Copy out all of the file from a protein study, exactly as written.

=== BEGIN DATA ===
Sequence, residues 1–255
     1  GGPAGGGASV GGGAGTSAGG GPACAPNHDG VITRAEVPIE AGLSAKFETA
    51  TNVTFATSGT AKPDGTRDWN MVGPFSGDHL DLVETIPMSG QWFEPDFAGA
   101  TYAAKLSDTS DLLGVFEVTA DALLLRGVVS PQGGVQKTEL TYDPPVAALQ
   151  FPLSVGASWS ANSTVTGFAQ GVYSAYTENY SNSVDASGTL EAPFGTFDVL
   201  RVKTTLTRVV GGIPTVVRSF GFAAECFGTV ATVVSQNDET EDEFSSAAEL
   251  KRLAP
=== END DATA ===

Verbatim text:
Sequence, residues 1–255
     1  GGPAGGGASV GGGAGTSAGG GPACAPNHDG VITRAEVPIE AGLSAKFETA
    51  TNVTFATSGT AKPDGTRDWN MVGPFSGDHL DLVETIPMSG QWFEPDFAGA
   101  TYAAKLSDTS DLLGVFEVTA DALLLRGVVS PQGGVQKTEL TYDPPVAALQ
   151  FPLSVGASWS ANSTVTGFAQ GVYSAYTENY SNSVDASGTL EAPFGTFDVL
   201  RVKTTLTRVV GGIPTVVRSF GFAAECFGTV ATVVSQNDET EDEFSSAAEL
   251  KRLAP